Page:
When it comes to digital transformations, it’s easy to get caught up in market noise around popular buzzwords, how companies define various elements of technology and how they work. As companies embrace the need to provide better customer experiences, it’s critical that they’re able to drill down to clear truths in order to make the best decisions for their businesses. Much like the term open, “ecosystem” is a word that is used frequently throughout the tech space, yet has developed many interpretations over time. Understanding ecosystems are vital, especially for those companies looking to put the customer at the forefront of their business operations.
What is an Ecosystem?
The term “ecosystem” was first used by British ecologist Arthur Tansley back in 1935 to describe the relationship between organisms and their environment. In other words, you can’t talk about animals and plants without talking about where they live and function.
Fifty-eight years later, business strategist James F. Moore co-opted the word in a Harvard Business Review article to describe the interconnected business world. Moore suggested that companies weren’t members of a single industry, but rather part of a business ecosystem. As a part of the business ecosystem, these businesses would co-evolve cooperatively instead of inside of a vacuum, attracting similar, yet different resources to satisfy customers.
The evolution of the word continues today. Ecosystems now include communities that use shared, scalable resources to pursue challenging objectives and common interests. Ecosystems are about dynamic interactions between people, software, data, systems and services. But what makes them unique in the world of technology is the streamlined flow to connect, share, grow and transform together. In today’s digitally connected world, ecosystems are a key ingredient to grow existing markets and competing effectively.
What do Ecosystems Look Like?
In the consumer packaged goods space (CPG), one of the largest manufacturers in the world expanded its recipe app to become a pantry-management tool, effectively creating an ecosystem. Within the ecosystem, a user picks their recipes, which prompts an automatically generated-shopping list and seamlessly connects with Peapod, a grocery delivery service. Delta Air Line’s mobile app is another example, which connects to ride-share services so travelers can order a car when they land. You might also be familiar with the interconnectivity of the health apps on your phone. Specifically, you likely use an array of apps to track different facets of your health and wellness, all of which result is a seamless experience for you centered around the device you turn to for truth.
Simply put, an ecosystem puts your customer’s end-to-end journey at the center of the experience. You can see then how this quickly creates the need for service providers to work together with one another, and more importantly, how this fact shapes a customer’s overall relationship with the company.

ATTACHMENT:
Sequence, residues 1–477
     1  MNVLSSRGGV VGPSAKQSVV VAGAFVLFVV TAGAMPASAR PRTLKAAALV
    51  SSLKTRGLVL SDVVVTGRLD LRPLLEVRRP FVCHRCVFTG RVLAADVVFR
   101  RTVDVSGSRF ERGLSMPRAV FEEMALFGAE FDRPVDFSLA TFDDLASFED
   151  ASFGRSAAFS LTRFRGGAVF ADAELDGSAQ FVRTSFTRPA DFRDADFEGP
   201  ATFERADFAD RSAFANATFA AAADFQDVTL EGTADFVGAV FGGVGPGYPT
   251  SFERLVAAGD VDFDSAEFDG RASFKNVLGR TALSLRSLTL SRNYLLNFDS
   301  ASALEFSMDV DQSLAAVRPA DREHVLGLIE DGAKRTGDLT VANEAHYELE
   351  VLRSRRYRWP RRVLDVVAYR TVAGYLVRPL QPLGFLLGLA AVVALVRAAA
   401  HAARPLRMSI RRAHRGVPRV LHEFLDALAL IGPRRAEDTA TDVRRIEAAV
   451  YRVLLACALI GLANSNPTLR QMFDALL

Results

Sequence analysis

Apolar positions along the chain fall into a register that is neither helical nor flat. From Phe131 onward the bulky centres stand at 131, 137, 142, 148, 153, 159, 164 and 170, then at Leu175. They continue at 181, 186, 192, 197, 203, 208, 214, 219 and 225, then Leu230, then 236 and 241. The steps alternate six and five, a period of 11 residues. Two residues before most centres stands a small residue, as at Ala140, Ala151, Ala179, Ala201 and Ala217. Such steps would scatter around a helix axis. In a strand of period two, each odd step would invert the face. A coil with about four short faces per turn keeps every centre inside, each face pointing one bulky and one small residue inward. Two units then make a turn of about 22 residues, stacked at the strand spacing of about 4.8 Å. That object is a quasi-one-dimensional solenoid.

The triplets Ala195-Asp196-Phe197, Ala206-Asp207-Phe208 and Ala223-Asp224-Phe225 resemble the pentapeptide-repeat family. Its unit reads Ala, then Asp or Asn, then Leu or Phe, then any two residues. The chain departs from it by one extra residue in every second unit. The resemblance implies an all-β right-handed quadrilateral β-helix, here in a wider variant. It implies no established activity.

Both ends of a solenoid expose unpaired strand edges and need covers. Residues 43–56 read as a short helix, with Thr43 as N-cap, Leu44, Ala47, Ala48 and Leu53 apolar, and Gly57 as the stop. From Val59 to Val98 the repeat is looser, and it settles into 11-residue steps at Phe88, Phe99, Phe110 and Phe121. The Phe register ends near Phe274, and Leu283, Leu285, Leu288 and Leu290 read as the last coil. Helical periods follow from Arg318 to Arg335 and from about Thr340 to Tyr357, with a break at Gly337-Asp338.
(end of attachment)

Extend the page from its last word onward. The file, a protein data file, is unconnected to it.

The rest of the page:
The future of ecosystems will require the platforms they operate in to be open, dynamic and therefore integrated. In that way, they can be functional in real time. This has been our focus at Nielsen.
That’s why we created the industry’s largest open ecosystem of tech-driven solution providers for retailers and manufacturers in the CPG space. Oftentimes with partner ecosystems, you’re limited to the vendors the company chooses for you, making it hard to reach a broad range of services. Our ecosystem gives you access to a broad array of partners, with the added flexibility of allowing you to bring your preferred vendors to the network. This has driven business value for more than 150 Nielsen clients by allowing third parties to directly access Nielsen data on our client’s behalf. In creating an ecosystem centered around the same data—or the same language—clients receive more relevant and accurate results that better align with the way they measure business success.
The future of this ecosystem will continue to empower you. As it grows, you will continue finding complementary companies that help to keep pace with consumer needs and understand the quickly changing landscape in which these consumers shop. Just like James Moore mentioned 58 years ago, our ecosystem is helping you co-evolve cooperatively, attracting diverse partners who provide innovative solutions to solve our client’s most difficult challenges. Whether you’re a user of the ecosystem or a contributor to it, plugging in allows you to:
- Improve your customer’s journey and experience with you
- Find new customers to sell to
- Find new partners to work with
- Tap into new sources of data, software or resources
- Improve business processes
And remember, your customers decide who they want to engage with based on whose ecosystem they want to be a part of. Whether it’s tracking their sleep, connecting their customer relationship management platform or collaborating on documents, they commit to ecosystems that can integrate seamlessly with their personal and work environments. For that reason, companies should set out to design their hardware, software, and services based on what ecosystem will drive that customer value.